2010: The balance of power shifts to limited partners?

Limited partners face the issue of diminishing returns because they also have shareholders. Likewise, the venture firms and seed stage firms that are down the pipeline from these limited partners are also subject to these hard questions.

Today, we’re beginning to see a shift of money turning back into a commodity. But without the massive government bailouts, it turns out that money supplies like M2 are declining, indicating that the core economic environment is one of deflation. This means that cash is gathering more value than any asset, and this macro shift will shift the balance of valuation and terms in favor of the root sources of capital.

In the next post, I will review what this means for direct investors and what it means for portfolio companies. I’ll also include a list of questions to ask your potential investors to ensure that they’re the right investors for your company.

Thanks to FastIgnite, a startup advisory firm, for sponsoring Venture Hacks this month. This post is by Simeon Simeonov, the firm’s founder and CEO (and formerly a partner at Polaris Ventures). If you like it, check out Sim’s blog and tweets @simeons. – Nivi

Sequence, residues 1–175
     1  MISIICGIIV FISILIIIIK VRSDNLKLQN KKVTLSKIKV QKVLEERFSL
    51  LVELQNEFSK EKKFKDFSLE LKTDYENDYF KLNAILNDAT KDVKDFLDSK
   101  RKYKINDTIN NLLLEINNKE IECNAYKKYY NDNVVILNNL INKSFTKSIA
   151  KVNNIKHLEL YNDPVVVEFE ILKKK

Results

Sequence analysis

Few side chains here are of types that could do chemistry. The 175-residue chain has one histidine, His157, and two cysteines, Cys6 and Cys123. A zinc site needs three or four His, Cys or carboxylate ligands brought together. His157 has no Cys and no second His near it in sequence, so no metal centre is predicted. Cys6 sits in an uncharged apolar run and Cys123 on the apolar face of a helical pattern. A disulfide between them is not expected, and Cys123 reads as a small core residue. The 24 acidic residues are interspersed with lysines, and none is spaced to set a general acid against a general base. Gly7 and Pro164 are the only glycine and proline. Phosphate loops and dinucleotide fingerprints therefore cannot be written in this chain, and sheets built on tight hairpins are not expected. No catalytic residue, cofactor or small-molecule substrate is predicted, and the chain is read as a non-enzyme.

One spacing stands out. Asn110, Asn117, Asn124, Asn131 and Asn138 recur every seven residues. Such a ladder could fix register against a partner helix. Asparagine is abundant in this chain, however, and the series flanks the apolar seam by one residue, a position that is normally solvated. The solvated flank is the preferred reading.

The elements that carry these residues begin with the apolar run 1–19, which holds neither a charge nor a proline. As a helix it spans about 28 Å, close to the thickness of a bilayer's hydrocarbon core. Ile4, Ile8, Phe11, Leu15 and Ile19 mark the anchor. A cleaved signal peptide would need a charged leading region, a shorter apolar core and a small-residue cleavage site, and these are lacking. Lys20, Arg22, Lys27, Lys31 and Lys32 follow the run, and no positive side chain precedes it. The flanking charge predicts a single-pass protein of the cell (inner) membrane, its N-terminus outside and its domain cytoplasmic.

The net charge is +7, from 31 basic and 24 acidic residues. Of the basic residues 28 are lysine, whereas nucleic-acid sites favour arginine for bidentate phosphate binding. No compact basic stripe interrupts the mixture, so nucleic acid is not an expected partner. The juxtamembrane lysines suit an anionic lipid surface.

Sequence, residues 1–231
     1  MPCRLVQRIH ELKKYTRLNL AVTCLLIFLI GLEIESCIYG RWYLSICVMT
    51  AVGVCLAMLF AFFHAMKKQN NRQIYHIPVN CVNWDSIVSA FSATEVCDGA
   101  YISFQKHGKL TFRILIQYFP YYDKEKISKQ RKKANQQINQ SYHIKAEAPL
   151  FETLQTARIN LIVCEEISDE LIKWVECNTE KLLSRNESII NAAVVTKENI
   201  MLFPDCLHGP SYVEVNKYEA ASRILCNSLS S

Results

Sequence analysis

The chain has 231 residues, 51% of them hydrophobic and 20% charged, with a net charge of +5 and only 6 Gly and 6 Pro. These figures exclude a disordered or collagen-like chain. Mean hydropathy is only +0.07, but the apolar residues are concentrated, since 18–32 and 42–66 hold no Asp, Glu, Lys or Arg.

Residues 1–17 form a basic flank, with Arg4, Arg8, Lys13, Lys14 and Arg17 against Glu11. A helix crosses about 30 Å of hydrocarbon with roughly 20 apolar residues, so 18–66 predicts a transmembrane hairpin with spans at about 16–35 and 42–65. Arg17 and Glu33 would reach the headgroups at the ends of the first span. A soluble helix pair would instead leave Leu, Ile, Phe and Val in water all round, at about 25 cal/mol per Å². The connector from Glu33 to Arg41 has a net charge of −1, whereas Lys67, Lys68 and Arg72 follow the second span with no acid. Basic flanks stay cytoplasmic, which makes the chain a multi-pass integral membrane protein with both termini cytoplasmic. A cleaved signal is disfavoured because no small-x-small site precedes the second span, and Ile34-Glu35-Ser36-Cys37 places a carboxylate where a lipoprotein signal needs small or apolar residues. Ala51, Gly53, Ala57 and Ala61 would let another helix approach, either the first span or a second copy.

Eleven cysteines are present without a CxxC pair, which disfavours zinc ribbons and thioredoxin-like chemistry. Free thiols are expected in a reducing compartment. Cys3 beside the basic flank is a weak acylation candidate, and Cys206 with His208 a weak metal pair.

“Prediction is very difficult, especially if it’s about the future.”

Niels Bohr, Nobel Prize winner

By penalizing entrepreneurs who are humble and honest about how their companies will grow, many investors cause entrepreneurs to over-promise (and later under-deliver) when they’re raising money.

The histories of some of the best-known technology companies demonstrate the power of luck, timing, the mistakes of incumbents, and solid execution.

Execution is the main tool under a startup’s control but it’s often under-valued by investors.